Friday, June 02, 2017

Annie Gaylor's lies about women in the Bible, revisited

Lately I have found myself telling certain skeptics that "You don't give a damn about truth." 

I am not trying to insult the people I say this too.  These words are intended as a slap across the face, to awaken those who treat facts like doormats upon which to wipe their muddy boots, to the shame of not valuing truth for the treasure that it is.  It is a shame to sell our souls to gain nothing more than a point in an argument.   

Image result for annie gaylor
And from reality. 
I generally try not to accuse people I disagree with of telling "lies."  But several years ago, in a review here of Annie Gaylor, "Woman, What Have I to do with Thee?" from a John Loftus book, I found I could hardly avoid the word:

"I am disgusted by this chapter.  I am disgusted that John Loftus claims he despises Christianity because it demeans women, but then when I offer him profuse evidence that in fact the Gospel has helped billions of women around the world, John claims he has no time to read and think about contrary evidence.  (Before repeating his slurs in public, with as big a megaphone as he can acquire, again and again, and trying to persuade others of them.)  I am disgusted at Annie Gaylor's lies.  (Such as that there are no significant women in the Bible who are not portrayed as demonic -- did I mention Jesus' mother yet?  Mary Magdalene?  The women who support his ministry?  The lady he meets by a well in Samaria with a checkered past, who gains new life and evangelizes her village?  Priscella, Paul's esteemed colleague in ministry, or the many other female coworkers he mentions by name in his letters?)  I am disgusted at the way Gaylor turns nobility into ugliness, and takes what is beautiful and wholesome, and tries to portray it as something shameful and evil, even if the only way she can do so is take a few verses badly out of context, and ignore the rest.  I am disgusted that she, with her degree from the University of Wisconsin School of Journalism, has never apparently felt the need to learn more history before condemning a book that has liberated billions of her fellow women.  I am disgusted that John felt the need to include a chapter filled with such over-the-top, and easily falsifiable, claims about the Bible, in his shiny new anthology.  It devalues the surrounding real estate, just as a contentious woman renders even a nice house near uninhabitable, and gold is unfitting in a pig's snout."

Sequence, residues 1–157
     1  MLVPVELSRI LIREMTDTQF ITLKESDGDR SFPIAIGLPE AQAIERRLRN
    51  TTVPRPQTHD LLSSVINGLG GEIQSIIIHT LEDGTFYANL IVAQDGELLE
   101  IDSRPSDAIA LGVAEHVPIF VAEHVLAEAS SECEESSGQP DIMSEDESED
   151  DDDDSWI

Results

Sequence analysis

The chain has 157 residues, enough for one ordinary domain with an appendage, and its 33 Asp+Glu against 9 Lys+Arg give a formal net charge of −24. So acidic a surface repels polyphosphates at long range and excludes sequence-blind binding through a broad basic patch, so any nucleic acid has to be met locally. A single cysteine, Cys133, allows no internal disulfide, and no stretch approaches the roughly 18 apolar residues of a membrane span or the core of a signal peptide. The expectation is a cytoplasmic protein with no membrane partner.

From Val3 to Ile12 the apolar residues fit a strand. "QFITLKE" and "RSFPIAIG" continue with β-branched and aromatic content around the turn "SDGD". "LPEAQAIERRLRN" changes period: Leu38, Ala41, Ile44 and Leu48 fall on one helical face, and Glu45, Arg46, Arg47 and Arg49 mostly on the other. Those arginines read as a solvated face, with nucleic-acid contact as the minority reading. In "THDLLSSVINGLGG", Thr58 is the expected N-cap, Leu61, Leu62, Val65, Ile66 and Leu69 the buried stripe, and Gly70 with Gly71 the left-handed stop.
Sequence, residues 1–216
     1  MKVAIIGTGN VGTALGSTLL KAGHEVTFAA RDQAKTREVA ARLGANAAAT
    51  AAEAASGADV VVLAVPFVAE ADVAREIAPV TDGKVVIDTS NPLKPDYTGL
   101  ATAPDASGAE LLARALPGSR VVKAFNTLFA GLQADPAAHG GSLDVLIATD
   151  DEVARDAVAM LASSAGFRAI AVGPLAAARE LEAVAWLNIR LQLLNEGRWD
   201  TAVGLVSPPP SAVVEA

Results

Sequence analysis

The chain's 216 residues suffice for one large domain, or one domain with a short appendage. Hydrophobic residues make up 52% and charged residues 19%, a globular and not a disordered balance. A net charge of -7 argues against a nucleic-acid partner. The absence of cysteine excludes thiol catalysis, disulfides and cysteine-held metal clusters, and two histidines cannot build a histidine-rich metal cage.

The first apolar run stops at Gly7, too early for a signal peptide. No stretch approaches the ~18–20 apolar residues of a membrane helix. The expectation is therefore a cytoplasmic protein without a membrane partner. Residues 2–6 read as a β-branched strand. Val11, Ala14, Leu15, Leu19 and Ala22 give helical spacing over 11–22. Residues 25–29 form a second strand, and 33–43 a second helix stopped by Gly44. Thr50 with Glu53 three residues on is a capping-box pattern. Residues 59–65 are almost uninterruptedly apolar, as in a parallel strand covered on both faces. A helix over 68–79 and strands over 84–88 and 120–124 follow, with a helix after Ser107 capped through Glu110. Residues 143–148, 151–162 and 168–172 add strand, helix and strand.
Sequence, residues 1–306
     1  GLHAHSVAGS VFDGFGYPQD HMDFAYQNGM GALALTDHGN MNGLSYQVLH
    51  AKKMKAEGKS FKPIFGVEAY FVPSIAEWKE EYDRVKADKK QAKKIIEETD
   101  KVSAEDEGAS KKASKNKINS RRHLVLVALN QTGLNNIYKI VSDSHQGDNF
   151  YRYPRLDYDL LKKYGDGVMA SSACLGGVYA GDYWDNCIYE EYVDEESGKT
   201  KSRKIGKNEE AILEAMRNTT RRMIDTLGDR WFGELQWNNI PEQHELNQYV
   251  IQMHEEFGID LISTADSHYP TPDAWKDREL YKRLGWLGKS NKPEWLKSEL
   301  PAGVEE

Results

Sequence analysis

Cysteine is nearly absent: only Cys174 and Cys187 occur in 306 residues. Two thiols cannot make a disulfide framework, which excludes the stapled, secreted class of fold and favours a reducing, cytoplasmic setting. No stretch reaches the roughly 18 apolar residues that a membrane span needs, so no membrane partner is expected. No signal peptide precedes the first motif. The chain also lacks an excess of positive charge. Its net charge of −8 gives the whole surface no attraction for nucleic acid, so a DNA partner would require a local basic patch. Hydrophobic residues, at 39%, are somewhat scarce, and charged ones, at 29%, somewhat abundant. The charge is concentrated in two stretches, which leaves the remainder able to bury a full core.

Here are a few of the sentences which I found so obnoxiously dishonest and "easily falsifiable:"